about pop-ups

basic facts

Pop-up and
Movable Books:
In the Context of History

The Smithsonian Lectures
Washington, DC 2010-11

A Timeline History of
Movable Books

Video History of Harlequinades
from c1650 by Werner Nekes

A History of Paper Devices

Glossary of
Pop-Up Terms

A History of Flip Books

The Bigger the Better (2002)

Anatomical Flap Books
at Duke University

Obituaries-They've laid their scissors down

care and repair

Step Right Up!
Step Right Up!
Removing Marks from books

Here, Kitty, Kitty
Deodorizing a Book

Repair tips from the
Baldwin Library
Univ. of Florida

how pop-ups are made

Making Pop-up Books with
Bruce Foster & Chuck Fischer

past events

Reach back in time to
pop-up events you may have missed.

ha!ha! ha!
pop-up jokes

Pop-up books in cartoons

Stephen Colbert with Maurice Sendak

George Bush on
Global Warming

Pop-ups on misc. topics

HERE, KITTY, KITTY
Deodorizing a book

by Ellen G.K. Rubin
(reprinted from Movable Stationery May 1999 vol.7, no.2 )


From the pop-up book, Alice in Wonderland,
illustrated and paper engineered
by Vojtěch Kubašta

Your feline friend is sitting on a miracle cleanser… of books! Kitty litter! Yes, cat litter! I've proven it. I happened upon a suggestion in an antique weekly newsletter to use cat litter to deodorize old books. Being an avid antiquarian book collector, I usually associate the smell of old books with pleasure. Until recently, I did not have the occasion, let alone the thought, to ‘deodorize’ a book. But then the necessity arose.

Through a catalog, I purchased a Blue Ribbon (1934) Little Red Ridinghood "pop-up" Book. It was in very fine condition, as described. But what was surely lacking from the description was the book’s smell. There was no doubt the book had been rescued (Phew!) from a fire; it had that strong acrid smell of smoke (Phooey!). Here was another opportunity for an experiment. (See Step Right Up!) I had been successful (read ‘lucky’) with the TidyPen and hoped my ‘luck’ would hold out attempting to use kitty litter to rid this book of its most unpleasant odor. Not owning a cat, I borrowed the kitty litter from a neighbor. (Can‘t you just see me, container in hand, "May I borrow a cup of cat litter, please?")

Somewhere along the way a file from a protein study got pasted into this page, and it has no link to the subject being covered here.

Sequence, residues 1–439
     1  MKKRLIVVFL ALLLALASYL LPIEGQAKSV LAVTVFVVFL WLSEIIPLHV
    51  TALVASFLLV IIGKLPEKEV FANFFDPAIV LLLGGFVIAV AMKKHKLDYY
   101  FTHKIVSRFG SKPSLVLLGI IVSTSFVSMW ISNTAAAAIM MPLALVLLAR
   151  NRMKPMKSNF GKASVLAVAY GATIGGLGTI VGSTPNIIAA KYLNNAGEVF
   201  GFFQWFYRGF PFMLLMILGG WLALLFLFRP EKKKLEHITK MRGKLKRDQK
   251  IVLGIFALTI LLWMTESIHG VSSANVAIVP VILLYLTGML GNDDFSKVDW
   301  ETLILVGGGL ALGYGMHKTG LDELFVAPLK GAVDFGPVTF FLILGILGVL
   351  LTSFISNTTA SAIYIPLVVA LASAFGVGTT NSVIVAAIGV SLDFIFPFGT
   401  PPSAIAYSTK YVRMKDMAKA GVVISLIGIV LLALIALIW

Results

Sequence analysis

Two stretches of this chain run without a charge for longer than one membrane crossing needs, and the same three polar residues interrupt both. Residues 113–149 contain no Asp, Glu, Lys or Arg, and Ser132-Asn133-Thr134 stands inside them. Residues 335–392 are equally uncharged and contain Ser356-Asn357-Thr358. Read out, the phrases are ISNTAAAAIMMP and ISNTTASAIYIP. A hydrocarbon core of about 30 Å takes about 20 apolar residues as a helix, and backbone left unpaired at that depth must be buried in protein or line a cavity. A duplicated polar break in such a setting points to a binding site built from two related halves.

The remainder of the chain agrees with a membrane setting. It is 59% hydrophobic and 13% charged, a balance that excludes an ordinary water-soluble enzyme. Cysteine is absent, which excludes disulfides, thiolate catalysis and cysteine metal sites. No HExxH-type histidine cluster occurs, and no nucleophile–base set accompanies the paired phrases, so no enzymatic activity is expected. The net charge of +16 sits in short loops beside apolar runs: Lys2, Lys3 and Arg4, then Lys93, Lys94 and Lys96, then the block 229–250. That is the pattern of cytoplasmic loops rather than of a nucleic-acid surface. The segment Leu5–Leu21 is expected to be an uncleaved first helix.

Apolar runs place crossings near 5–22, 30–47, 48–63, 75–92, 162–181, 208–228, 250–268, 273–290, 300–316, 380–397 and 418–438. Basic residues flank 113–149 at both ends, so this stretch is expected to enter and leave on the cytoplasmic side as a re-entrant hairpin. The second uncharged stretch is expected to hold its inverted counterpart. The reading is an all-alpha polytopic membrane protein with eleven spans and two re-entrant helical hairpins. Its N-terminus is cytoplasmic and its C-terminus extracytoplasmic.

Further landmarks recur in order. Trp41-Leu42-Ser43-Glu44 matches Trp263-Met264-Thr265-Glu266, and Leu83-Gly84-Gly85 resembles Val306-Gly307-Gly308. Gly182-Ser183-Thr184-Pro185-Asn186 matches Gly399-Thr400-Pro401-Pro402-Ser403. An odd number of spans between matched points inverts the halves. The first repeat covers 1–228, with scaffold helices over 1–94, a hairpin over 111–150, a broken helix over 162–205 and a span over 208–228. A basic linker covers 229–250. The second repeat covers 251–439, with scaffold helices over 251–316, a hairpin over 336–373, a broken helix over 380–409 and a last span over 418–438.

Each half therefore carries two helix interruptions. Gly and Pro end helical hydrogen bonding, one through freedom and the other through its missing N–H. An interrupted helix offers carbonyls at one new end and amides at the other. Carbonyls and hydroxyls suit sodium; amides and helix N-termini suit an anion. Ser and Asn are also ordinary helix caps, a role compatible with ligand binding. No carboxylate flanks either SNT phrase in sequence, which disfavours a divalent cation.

Using a large zip-lock bag, I put the kitty litter in with the book, shaking carefully to bring it into as much contact with the paper as possible. The bag was sealed and put in my garage. The next day, I removed the book for a test whiff. Most of the smell of was gone. Best of all, the litter’s contact with the book had done no damage to the paper, something I was most anxious about. Ignoring the maxim, "The enemy of good is better," I put the book back into the bag, this time carefully shaking the litter into the crevices of the spine where the odor was strongest. I hoped one more day would get rid of the rest of the smell. I still was anxious about a longer proximity of litter on paper. Well, I experienced an extended ‘senior moment’ and forgot about the project. A week later (!), I rediscovered the bag. No damage to the book (Whew!) and the smell was totally gone. In fact, it now had a slightly aromatic scent. There was no problem shaking the litter from the spine and movables, another anxiety of mine.

Conclusion? One can buy smelly books with impunity. But if you don’t have a cat, make friends with a neighbor who has one.